Once Reed began to disclose information, she was first taken to a child advocacy center, which proved supportive and helpful, but didn’t result in a change in the home. A second visit about a year later resulted in an immediate removal from the home and placement for her and her brother with Reed’s grandparents. “I remember both [Centers] being very welcoming and sensed we were in a safe place,” says Reed. Within nearly the same breath, Reed continues, “I realized then, as a teenager, that what was going on wasn’t my fault. I wasn’t to that point when I was first interviewed, but I was at my breaking point the second time when I was interviewed.”

I realized then, as a teenager, that what was going on wasn’t my fault…

Reflecting on this moment in her life, Reed thought she would soon graduate high school and attend college as far away as possible, perhaps to study law. But the experiences she had with her caseworker and CASA opened her mind to other career possibilities. An internship would change her mind even further. “After studying social work at nearby St. Mary’s College, I didn’t want to work with children for fear it’d be too difficult. But I was put in a position at an internship where I worked with kids, and I was somewhat resentful at first, but quickly realized that working with kids is what I wanted to do. I found I had this natural ability to do so,” says Reed.

Reed volunteered her time her senior year work in parenting classes at CAPS, all while keeping a close eye on job openings there around the time of her graduation. “I applied for two jobs at CAPS. I was interviewed, and let them know upfront my own experience with abuse. I told them I felt like I had healed and they took a chance and hired me. I just found that I love it and I can’t imagine doing anything else. “

Reed is proud to know changes have happened to Indiana’s child protection system. “Knowing how the system works now vs. 12-15 years ago, I have reassurance that the system works better now for kids. I know that had our case been looked at now it would be looked at much different. We wouldn’t have gone through as much because the case would have moved faster.”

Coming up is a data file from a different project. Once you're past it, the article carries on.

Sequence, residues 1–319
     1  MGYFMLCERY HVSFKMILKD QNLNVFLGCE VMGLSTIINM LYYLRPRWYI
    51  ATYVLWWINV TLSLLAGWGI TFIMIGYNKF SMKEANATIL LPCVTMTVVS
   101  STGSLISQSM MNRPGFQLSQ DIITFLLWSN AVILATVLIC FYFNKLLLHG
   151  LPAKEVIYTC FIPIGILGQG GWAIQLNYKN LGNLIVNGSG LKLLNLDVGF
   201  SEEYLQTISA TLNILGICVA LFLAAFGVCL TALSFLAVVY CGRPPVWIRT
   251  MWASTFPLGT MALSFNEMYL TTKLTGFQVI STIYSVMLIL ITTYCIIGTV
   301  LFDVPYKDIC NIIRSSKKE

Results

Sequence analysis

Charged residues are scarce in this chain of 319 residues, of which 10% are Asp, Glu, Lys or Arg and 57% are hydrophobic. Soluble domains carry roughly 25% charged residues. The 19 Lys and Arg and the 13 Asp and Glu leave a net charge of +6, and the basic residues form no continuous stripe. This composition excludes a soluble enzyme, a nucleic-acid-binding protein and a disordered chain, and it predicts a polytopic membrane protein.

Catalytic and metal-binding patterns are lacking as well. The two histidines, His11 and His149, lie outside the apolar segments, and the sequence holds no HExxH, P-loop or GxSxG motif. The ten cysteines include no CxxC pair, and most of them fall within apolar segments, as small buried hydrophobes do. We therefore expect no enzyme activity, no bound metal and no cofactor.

Reed recoils at being told her problems amounted to stereotypical teenage angst, too. “I remember when our case was investigated before we were removed [from the home]. I was told I was a spoiled teen that wanted to get away and have a boyfriend. I was getting this from a caseworker, right in front of my mother and her boyfriend. It made me wonder if maybe I really was complaining too much.”

Reed continues, “But I see how cases are handled today. Centralized reporting has helped a lot because everything is shared across jurisdictions. I know that how prosecutors and detectives train for and work cases has a huge impact,” says Reed, adding, “The community’s feelings on these topics affects how reporting happens, too. It affects how juries sentence, and how caseworkers handle cases.”

Without skipping a moment in her cadence, Reed has clear instructions for young people in a similar situation today, saying, “I’ll tell kids and teens this: if you’re being abused and the first person you tell doesn’t listen, keep telling someone until they do something about it.”

Today, Reed lives with her own kids and husband, whom she met in 5th grade. “I’m a firm believer that this experience is the reason why I am where I am today. Had I not gone through what I did, I may not have met my husband or I may not have been in this career,” adding, “I told myself I could be a victim or a survivor, and I chose to be a survivor.”